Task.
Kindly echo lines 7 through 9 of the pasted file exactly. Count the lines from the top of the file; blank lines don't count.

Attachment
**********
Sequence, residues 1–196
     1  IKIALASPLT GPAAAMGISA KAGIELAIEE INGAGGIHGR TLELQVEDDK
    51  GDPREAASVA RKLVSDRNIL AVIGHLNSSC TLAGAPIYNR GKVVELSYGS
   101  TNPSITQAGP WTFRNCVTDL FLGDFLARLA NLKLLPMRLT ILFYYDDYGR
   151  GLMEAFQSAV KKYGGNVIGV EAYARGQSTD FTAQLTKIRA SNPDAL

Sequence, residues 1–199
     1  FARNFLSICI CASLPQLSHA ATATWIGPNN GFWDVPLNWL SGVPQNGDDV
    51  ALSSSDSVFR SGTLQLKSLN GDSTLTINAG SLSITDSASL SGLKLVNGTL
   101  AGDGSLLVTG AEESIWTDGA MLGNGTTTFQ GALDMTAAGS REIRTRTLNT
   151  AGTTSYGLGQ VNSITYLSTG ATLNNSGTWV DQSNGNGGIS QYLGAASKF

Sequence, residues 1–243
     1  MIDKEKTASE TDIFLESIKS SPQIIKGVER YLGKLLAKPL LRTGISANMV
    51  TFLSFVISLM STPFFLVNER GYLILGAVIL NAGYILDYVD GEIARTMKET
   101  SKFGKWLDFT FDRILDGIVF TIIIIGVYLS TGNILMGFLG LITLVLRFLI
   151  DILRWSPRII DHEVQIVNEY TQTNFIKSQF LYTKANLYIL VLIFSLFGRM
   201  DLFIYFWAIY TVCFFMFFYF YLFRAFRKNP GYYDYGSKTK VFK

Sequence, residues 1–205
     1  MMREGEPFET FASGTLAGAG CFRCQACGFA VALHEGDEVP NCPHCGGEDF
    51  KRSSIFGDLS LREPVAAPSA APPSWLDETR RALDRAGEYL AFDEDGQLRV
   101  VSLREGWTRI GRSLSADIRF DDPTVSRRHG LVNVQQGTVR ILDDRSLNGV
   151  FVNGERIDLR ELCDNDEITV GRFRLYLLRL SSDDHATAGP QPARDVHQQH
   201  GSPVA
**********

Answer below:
     1  FARNFLSICI CASLPQLSHA ATATWIGPNN GFWDVPLNWL SGVPQNGDDV
    51  ALSSSDSVFR SGTLQLKSLN GDSTLTINAG SLSITDSASL SGLKLVNGTL
   101  AGDGSLLVTG AEESIWTDGA MLGNGTTTFQ GALDMTAAGS REIRTRTLNT